Mark A. Philbrick, BYU
Professor Steven Castle, left, joins student Spencer Jones, who has led the way in creating a synthetic compound.

Brigham Young University chemists hope that a synthetic compound they created that is similar to the molecular structure of morphine will have painkilling properties without the drug's addictive quality.

The researchers, led by undergraduate Spencer Jones and advised by Steven Castle, assistant professor of chemistry, created a mirror-image version of a molecule from the Japanese tape vine. That new synthetic molecule is very similar to the molecule for morphine. Now they're making more of the compound so it can be sent to the National Institutes of Health, which will check to see if it does, indeed, have painkilling properties, as they suspect.

Japanese tape vine, or Stephania japonica, from which they derived their Hasubanonine compound, is found in Australia on the outskirts of rain forests. Japanese scientists had already isolated the Hasubanonine molecule from the plant. How the BYU team, in turn, created the synthetic version of the molecule is outlined in the most recent issue of "Organic Letters." Castle, Jones and postdoctoral researcher Liwen He co-wrote the article.

It's unusual for so much of published research to be done by an undergraduate, Castle said, but BYU emphasizes undergraduate mentoring that lets students work closely with professors on research. He called Jones, who is 90 percent or more responsible for the research and will start graduate school at Princeton in September, "exceptional."

A release from BYU quotes Erik Sorensen, the Arthur Allan Patchett Professor in Organic Chemistry at Princeton, on the difficulty involved in such chemical synthesis and synthetic compound creation. They are complex, and it's hard to make them efficiently, he said.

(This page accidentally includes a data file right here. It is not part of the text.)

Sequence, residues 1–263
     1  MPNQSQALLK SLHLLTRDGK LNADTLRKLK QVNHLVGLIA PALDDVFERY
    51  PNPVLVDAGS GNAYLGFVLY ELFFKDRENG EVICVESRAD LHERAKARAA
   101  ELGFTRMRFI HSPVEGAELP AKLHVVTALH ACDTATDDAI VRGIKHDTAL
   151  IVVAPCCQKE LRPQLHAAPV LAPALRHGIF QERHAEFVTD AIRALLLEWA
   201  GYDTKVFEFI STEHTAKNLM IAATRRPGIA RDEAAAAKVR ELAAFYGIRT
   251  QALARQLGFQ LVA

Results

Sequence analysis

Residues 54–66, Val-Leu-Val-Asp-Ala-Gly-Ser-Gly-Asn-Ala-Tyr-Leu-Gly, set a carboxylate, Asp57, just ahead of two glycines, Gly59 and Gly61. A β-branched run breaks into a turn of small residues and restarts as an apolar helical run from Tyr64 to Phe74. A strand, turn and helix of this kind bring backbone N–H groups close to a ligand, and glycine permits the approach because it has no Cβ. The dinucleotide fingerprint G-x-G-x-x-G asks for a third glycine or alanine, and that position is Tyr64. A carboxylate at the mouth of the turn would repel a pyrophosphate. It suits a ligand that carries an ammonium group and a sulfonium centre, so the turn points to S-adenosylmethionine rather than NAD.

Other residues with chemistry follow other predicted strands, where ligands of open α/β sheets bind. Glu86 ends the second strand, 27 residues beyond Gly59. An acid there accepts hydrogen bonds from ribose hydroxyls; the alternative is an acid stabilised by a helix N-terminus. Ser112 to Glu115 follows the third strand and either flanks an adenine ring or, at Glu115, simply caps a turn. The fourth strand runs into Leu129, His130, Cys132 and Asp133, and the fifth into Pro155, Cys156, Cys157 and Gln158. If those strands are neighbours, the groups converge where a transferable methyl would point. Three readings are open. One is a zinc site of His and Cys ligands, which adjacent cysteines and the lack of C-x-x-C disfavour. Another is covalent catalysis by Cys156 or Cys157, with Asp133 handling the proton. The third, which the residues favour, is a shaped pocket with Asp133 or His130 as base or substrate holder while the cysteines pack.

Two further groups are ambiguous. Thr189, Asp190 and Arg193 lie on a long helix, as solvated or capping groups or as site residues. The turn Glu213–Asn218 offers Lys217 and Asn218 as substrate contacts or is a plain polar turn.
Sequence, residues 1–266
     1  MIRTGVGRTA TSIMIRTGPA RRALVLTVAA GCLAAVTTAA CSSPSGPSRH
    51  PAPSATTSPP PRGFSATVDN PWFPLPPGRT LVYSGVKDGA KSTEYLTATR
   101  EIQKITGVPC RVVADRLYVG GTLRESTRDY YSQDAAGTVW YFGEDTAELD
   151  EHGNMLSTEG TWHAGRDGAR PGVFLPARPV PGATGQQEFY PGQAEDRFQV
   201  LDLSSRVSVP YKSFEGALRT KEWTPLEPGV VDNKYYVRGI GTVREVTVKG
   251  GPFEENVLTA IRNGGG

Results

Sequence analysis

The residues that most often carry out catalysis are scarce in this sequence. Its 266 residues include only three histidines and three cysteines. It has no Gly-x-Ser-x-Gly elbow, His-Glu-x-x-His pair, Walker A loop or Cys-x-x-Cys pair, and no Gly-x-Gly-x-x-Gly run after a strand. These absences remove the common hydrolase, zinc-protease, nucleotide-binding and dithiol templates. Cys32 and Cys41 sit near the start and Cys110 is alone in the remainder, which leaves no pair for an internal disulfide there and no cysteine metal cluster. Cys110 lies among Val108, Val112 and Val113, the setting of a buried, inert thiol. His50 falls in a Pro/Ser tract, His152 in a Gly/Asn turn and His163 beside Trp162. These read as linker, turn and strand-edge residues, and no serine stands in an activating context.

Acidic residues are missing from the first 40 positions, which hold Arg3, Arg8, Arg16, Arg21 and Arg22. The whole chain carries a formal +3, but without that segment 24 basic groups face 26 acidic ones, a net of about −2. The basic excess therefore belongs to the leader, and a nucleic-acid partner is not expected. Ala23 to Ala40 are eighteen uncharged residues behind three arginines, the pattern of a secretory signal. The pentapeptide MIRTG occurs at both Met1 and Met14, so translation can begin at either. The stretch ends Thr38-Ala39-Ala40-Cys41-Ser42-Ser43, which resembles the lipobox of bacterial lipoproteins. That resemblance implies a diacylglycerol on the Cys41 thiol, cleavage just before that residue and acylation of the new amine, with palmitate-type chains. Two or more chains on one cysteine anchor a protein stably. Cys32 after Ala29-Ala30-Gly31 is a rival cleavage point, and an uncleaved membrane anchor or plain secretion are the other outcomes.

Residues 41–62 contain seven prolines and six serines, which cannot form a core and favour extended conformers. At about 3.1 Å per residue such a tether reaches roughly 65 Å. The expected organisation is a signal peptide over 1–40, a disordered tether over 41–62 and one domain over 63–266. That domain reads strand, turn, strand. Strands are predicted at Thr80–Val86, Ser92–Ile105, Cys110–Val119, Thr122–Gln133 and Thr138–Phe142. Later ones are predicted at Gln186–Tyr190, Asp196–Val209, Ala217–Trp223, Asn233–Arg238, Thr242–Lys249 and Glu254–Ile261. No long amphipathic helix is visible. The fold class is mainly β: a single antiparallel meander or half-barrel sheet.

"Steve and his students did beautifully in solving a difficult problem in complex alkaloid synthesis," said Sorensen, in the release. "I am impressed by the logic of their plan for synthesis and the outcomes they achieved."

The molecule made by the vine has no painkilling properties, Castle said, but most naturally produced molecules have mirror images. And the tape-vine's mirror image is close in structure to the morphine molecule. "We've synthesized a mixture of the two mirror-image compounds, the idea being we can take the mirror image of the natural one, send it to NIH to be tested to see if it kills pain. We are optimistic it has painkilling properties, and, if that's true, we are able to synthesize it fairly easily."

It's not well understood what structural features are responsible for the addictive properties of morphine, Castle said. But it is possible they have found a key to a kinder morphinelike drug that would have potential medicinal applications.

Morphine has been used for many years as a painkiller. And though new drugs have come along, it is still widely used. Soldiers, for instance, carry it onto the battlefield. It is also, Castle notes, much harder to synthesize than the compound they've created, so if it does prove to be an effective painkiller, it has some built-in advantages.

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